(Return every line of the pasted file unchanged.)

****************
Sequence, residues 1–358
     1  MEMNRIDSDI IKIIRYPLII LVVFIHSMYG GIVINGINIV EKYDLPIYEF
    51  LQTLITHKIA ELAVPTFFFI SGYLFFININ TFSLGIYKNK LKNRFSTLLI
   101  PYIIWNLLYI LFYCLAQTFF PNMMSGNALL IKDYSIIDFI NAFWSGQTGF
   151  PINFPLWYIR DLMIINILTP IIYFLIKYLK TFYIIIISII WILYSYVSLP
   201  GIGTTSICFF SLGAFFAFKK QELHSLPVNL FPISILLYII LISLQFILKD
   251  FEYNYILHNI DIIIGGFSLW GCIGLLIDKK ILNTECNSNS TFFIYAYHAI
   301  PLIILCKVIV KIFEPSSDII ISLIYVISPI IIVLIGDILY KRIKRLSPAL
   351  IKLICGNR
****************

Sequence, residues 1–358
     1  MEMNRIDSDI IKIIRYPLII LVVFIHSMYG GIVINGINIV EKYDLPIYEF
    51  LQTLITHKIA ELAVPTFFFI SGYLFFININ TFSLGIYKNK LKNRFSTLLI
   101  PYIIWNLLYI LFYCLAQTFF PNMMSGNALL IKDYSIIDFI NAFWSGQTGF
   151  PINFPLWYIR DLMIINILTP IIYFLIKYLK TFYIIIISII WILYSYVSLP
   201  GIGTTSICFF SLGAFFAFKK QELHSLPVNL FPISILLYII LISLQFILKD
   251  FEYNYILHNI DIIIGGFSLW GCIGLLIDKK ILNTECNSNS TFFIYAYHAI
   301  PLIILCKVIV KIFEPSSDII ISLIYVISPI IIVLIGDILY KRIKRLSPAL
   351  IKLICGNR